Whether you are a law firm doing file sharing, an accounting practice sharing databases or a retailer operating a distributed point-of-sale system, your office is the hub for your enterprise. Whether you have 2 sites, 250, or 2000, they all rely on your primary Internet connection to retrieve data and information. If your circuit goes done, what happens next? Is it a mere annoyance or a catastrophic failure? Can your satellite offices perform any work at all? Process new orders? Share information? Do you know what your organization needs? Be sure to fully understand your requirements. It will help you choose the correct solution. You might have hundreds and hundreds of loyal customers. Perhaps you are a software company running a hosted solution they all rely on. Do you operate a service where other systems communicate with yours by using an application program interface (API)? For example do other systems gain access to yours in order to calculate rates, prices, or to collect information that you serve up? You may find that they are unable to reach or connect with your business servers. How long will your customers tolerate repeated outages?
What if your company could not function at all without the net? Maybe your company depends upon it completely. Your employees or representatives will not be able to make outgoing phone calls if your circuits go down. Calls coming in would be unanswerable. You might not even know people are trying to reach your office. Basically, you are done. Is redundancy enough? Are your current carriers as dependable as you would like? Are you getting quality service so that your calls are clear and consistent?
Clearly, there are many choices. Your organization budget and needs will play a large part in your decision-making. In review:
You are probably not thinking about redundancy if you have a small organization with a single location. In this case, you can probably get by with a single access to The Internet circuit of 5, 10 or 50 meg. You may find that if your building is “lit”, gigabit service and Metro Ethernet service may be reasonably cost-effective choices for you. Speak with our engineers about what is right for you. Prices vary with location and circuit availability.
Having a medium or mid-sized company in Salem, Massachusetts requires that you have higher-speed access to the internet. Your choices include: Metro Ethernet, gigabit Internet or other high-speed circuits. Using different circuits and different providers will, if you choose, provide you with redundancy. You can sometimes achieve this without doubling costs. For example, one 100-megabyte circuit may cost more than two smaller 50-megabyte circuits. Remember, costs vary. So does availability. Learn your options by speaking with one of our knowledgeable experts. We can help you determine what is available in your specific location.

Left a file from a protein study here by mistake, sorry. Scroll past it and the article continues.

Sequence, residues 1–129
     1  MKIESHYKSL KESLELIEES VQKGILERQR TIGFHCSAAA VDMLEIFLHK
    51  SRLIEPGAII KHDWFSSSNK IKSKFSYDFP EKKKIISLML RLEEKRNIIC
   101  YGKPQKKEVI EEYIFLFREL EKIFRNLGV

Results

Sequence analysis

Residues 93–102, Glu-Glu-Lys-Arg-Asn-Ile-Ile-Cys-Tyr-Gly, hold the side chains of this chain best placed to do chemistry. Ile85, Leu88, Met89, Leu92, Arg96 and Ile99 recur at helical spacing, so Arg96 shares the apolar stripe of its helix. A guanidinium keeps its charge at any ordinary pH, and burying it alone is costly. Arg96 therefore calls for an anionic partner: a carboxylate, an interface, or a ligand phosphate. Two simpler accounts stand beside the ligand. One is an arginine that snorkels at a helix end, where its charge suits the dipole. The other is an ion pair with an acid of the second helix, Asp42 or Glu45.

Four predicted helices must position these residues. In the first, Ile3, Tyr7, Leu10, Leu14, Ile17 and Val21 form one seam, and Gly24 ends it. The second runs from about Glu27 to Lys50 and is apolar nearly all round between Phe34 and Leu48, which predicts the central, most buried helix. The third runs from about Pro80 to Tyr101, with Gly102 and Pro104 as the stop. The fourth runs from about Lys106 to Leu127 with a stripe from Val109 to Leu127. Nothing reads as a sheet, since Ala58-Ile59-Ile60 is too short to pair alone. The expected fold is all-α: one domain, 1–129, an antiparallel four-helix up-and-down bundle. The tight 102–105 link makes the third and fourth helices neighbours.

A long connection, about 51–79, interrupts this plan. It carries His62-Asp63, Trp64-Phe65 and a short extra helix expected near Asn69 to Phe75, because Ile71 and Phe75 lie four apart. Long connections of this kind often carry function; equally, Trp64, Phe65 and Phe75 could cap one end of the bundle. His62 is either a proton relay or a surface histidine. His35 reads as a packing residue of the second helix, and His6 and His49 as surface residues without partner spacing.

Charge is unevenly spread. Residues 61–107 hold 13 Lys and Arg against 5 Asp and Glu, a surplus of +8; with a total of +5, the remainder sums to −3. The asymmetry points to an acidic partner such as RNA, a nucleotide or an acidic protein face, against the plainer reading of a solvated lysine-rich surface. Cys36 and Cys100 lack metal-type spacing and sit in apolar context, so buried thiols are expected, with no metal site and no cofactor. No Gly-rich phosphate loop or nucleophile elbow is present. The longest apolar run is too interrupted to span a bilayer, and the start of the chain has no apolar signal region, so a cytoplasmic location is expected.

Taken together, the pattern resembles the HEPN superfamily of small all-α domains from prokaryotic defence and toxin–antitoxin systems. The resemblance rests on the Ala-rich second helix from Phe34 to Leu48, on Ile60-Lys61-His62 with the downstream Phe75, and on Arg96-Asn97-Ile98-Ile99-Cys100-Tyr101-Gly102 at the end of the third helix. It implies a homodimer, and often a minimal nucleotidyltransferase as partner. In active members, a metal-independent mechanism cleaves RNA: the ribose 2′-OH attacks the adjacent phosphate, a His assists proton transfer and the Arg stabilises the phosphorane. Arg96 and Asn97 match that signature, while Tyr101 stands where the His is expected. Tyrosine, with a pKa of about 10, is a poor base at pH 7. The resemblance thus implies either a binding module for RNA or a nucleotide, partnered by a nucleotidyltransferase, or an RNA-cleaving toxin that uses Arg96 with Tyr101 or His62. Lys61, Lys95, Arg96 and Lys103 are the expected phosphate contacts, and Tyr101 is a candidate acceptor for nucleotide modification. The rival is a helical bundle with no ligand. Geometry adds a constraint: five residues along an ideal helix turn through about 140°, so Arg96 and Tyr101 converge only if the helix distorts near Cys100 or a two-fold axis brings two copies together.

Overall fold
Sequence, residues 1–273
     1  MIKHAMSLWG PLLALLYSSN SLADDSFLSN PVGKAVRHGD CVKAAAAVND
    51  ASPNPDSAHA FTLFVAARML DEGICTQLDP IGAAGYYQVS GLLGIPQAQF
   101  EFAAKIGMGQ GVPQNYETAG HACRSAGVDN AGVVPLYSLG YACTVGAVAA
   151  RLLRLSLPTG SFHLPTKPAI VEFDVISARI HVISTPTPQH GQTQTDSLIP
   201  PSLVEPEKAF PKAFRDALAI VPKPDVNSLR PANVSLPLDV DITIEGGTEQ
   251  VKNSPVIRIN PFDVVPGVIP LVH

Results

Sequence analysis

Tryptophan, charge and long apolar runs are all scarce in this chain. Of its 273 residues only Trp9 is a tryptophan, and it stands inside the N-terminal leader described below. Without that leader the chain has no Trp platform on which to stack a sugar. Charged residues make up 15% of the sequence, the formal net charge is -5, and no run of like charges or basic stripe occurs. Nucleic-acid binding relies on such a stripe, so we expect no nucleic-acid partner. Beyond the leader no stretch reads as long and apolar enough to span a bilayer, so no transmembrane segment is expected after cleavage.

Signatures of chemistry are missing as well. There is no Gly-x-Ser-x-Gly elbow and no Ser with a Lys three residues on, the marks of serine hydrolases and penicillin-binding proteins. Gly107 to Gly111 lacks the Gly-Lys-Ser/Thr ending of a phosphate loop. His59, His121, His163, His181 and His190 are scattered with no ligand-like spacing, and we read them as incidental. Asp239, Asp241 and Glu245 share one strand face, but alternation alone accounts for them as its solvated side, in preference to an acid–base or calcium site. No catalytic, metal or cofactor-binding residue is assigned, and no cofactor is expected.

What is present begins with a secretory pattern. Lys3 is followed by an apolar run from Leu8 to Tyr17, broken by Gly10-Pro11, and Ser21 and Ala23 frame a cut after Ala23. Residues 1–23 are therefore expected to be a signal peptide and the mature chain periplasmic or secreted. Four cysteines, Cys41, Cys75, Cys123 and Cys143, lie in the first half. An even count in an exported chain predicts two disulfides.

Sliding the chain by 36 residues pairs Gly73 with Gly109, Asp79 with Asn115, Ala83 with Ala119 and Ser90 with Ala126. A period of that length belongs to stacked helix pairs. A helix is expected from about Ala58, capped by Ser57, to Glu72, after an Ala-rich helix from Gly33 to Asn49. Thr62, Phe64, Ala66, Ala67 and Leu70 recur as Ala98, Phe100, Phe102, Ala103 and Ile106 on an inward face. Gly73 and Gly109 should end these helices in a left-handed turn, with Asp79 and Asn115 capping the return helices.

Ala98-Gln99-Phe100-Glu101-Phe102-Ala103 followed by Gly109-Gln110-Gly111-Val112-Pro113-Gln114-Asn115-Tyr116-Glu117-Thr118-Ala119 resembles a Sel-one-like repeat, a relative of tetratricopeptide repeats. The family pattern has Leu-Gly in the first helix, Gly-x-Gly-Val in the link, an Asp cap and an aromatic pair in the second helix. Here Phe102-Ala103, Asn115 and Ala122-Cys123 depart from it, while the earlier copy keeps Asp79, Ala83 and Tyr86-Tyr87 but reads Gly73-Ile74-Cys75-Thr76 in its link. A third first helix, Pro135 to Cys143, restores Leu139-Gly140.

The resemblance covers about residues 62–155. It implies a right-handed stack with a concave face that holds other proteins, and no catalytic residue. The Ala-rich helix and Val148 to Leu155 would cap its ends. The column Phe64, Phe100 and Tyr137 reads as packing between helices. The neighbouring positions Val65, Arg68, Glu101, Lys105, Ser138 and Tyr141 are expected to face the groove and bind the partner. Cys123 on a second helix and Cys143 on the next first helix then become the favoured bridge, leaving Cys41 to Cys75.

If your business has several locations or offices, you are at great risk for failure. Redundancy is extremely important to them. Multiple providers are highly desirable. Also, redundant equipment such as switches and routers in your facility can minimize the risk of downtime. As always, take a careful look and choose the right Ethernet access services, Metro Ethernet providers, gigabit Internet providers and other high-speed Internet access circuit providers. The right mix can help. If you can figure out the best combination of providers and services for your organization, you will benefit.
To run efficiently and effectively, corporations and businesses that fall into this category must use point-to-point high-speed Internet circuits, gigabit Internet circuits and Metro Ethernet circuits. Redundant hardware and redundant circuits will, for these businesses, ensure the greatest uptime. Be sure the circuits are from different providers. Spikes or sudden increase in usage can result in Internet slowdowns or disruptions in service. You can decrease the risk of these events by having sufficient bandwidth. The hardware and circuits you choose must both be able to support the following: a great number of concurrent, speedy connections.
There is great risk of failing circuits or insufficient bandwidth. Your demand and budget constraints should both be considered when you decide what circuit or combination of circuits you must have. Choosing the right mix of circuits and hardware is a daunting task.
Our engineers can analyze your needs and create a free action plan for you. Our experts will examine your current usage and demand. We’ll then generate a design that gives you the resources you need while keeping your company up and running at a reasonable cost.